Stevenson v. FCI Waseca et al
REPORT AND RECOMMENDATION re 1 Petition for Writ of Habeas Corpus filed by Alisha Stevenson be summarily dismissed with prejudice. Objections to R&R due by 8/3/2009. Signed by Magistrate Judge Janie S. Mayeron on 7/16/09. (VEM)
UNITED STATES DISTRICT COURT DISTRICT OF MINNESOTA ALISHA STEVENSON, Petitioner, v. F.C.I. WASECA; BUREAU OF PRISONS, Respondent. This matter is before the undersigned United States Magistrate Judge on Petitioner's application for habeas corpus relief under 28 U.S.C. § 2241. The case has been referred to this Court for a Report and Recommendation pursuant to 28 U.S.C. § 636 and Local Rule 72.1. For the reasons discussed below, it is recommended that the petition for writ of habeas corpus be summarily dismissed pursuant to Rule 4 of The Rules Governing Section 2254 Cases In The United States District Courts.1 I. BACKGROUND In 2008, Petitioner was convicted in the United States District Court for the Northern District of Indiana for a federal drug law violation. She was given an enhanced sentence, because a firearm was involved in her offense. Based on that enhancement, Petitioner was sentenced to 41 months in federal prison. She is currently serving her sentence at the REPORT AND RECOMMENDATION Civil No. 09-1755 (RHK/JSM)
Rule 4 provides that "[i]f it plainly appears from the petition and any attached exhibits that the petitioner is not entitled to relief in the district court, the judge must dismiss the petition and direct the clerk to notify the petitioner." Although The Rules Governing Section 2254 Cases are most directly applicable to habeas petitions filed by state prisoners pursuant to 28 U.S.C. § 2254, they also may be applied to habeas cases brought under 28 U.S.C. § 2241. Rule 1(b); Mickelson v. United States, Civil No. 01-1750 (JRT/SRN), (D.Minn. 2002), 2002 WL 31045849 at *2; Bostic v. Carlson, 884 F.2d 1267, 1270, n.1, (9th Cir. 1989); Rothstein v. Pavlick, No. 90 C 5558 (N.D.Ill. 1990), 1990 WL 171789 at *3.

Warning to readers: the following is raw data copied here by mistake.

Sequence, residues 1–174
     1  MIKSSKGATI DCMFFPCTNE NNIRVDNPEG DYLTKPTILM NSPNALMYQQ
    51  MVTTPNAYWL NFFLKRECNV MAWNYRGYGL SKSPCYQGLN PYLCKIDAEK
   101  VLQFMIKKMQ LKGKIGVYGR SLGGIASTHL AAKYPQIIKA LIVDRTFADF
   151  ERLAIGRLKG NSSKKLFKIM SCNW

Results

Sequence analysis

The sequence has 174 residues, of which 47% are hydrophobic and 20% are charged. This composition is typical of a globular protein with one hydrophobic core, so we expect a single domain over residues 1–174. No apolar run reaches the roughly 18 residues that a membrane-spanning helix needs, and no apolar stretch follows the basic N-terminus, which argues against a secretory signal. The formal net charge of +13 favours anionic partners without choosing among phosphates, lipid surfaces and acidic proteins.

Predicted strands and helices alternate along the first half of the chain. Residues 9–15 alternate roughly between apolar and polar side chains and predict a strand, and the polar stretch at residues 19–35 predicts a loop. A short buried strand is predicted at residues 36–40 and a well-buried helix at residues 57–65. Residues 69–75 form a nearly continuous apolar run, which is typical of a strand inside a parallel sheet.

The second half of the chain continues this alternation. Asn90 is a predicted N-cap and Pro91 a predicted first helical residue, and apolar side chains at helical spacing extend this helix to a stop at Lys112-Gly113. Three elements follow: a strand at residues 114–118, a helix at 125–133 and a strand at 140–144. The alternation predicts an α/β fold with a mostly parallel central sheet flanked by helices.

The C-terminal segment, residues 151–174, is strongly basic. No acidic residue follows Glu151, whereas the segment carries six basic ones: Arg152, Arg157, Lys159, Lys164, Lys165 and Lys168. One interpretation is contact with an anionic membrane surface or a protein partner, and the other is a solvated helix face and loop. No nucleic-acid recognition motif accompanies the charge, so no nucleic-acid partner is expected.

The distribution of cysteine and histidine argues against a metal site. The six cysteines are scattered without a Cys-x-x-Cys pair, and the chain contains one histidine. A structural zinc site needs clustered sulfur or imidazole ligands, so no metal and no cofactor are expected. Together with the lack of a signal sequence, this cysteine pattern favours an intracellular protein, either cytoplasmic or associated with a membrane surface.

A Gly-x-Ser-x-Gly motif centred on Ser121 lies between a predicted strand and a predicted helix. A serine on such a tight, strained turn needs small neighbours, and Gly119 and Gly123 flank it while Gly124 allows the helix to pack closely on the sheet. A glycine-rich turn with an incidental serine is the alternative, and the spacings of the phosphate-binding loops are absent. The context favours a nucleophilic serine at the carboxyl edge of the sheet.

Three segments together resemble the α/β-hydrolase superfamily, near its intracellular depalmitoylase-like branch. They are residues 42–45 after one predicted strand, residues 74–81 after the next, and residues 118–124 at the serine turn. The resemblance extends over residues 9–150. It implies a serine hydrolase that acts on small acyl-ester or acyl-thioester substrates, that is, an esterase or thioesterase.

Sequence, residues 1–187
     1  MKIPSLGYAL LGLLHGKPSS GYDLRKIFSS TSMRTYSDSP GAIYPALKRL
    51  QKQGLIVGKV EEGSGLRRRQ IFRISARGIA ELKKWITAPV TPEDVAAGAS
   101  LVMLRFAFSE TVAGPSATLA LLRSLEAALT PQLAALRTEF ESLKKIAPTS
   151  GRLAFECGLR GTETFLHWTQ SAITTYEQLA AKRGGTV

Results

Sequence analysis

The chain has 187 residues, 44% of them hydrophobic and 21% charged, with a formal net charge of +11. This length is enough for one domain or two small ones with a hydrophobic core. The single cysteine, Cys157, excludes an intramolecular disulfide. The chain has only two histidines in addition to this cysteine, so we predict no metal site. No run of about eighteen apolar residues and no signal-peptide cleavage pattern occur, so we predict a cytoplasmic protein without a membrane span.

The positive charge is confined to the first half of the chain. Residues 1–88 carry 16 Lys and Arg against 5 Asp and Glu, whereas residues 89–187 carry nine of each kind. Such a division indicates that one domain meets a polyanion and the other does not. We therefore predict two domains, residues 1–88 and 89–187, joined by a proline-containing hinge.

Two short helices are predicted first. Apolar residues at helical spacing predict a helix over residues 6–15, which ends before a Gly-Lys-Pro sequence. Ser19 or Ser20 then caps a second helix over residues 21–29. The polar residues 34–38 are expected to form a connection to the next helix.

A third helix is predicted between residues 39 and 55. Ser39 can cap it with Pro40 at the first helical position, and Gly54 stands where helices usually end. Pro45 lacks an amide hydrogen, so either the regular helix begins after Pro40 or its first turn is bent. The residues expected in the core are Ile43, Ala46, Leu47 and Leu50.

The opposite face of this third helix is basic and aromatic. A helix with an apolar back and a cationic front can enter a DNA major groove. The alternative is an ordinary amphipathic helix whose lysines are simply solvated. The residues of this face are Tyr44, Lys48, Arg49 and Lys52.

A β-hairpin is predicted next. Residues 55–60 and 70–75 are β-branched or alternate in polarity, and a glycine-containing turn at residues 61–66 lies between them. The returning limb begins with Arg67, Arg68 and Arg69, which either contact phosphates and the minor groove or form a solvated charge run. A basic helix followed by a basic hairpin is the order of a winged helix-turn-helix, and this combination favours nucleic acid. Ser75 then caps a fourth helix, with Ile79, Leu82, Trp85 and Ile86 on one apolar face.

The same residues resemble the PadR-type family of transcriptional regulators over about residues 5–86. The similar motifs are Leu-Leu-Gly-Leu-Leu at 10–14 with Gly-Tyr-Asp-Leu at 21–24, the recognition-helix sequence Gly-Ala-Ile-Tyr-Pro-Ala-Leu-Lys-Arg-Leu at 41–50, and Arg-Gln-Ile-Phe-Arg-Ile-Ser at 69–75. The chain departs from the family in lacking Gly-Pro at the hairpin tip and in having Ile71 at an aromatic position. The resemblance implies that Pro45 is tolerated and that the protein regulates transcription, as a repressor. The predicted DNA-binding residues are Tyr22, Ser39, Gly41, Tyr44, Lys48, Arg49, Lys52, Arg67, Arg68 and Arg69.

Federal Correctional Institution in Waseca, Minnesota. (Petition, [Docket No. 1], p. 3.) Petitioner is not presently challenging the validity of her conviction or sentence. Instead, she is claiming that the federal Bureau of Prisons, ("BOP"), has unlawfully extended the term of her imprisonment, by declaring her ineligible for a sentence reduction under 18 U.S.C. § 3621(e)(2)(B) the statute that allows the BOP to reduce the sentences of prisoners who have been convicted of a "nonviolent offense," and have completed a BOP drug rehabilitation program. The BOP has adopted a set of regulations that govern the implementation of the sentence reduction program. Based on those regulations, the BOP has determined that Petitioner is not eligible for a reduced sentence under Section 3621(e)(2)(B), because of the firearm enhancement to her sentence. Petitioner contends that the regulation at issue was not properly adopted, and it is therefore invalid. According to Petitioner, the BOP has "violated [the] Administrative Procedure Act (APA) by categorically excluding from early release for successful completion of [the] residential drug abuse program prisoners convicted of offenses involving possession, carrying, or use of firearms." (Id., p. 4, § 14.a.) Petitioner is seeking a judgment in this case that would "direct the BOP to grant [Petitioner] the sentence reduction upon completion of the residential drug abuse program." (Id., p. 5, § 15.) II. DISCUSSION 18 U.S.C. § 3621(e)(2)(B) states that "The period a prisoner convicted of a nonviolent offense remains in custody after successfully completing a treatment program may be reduced by the Bureau of Prisons, but such reduction may not be more than one year from the term the prisoner must otherwise serve." 2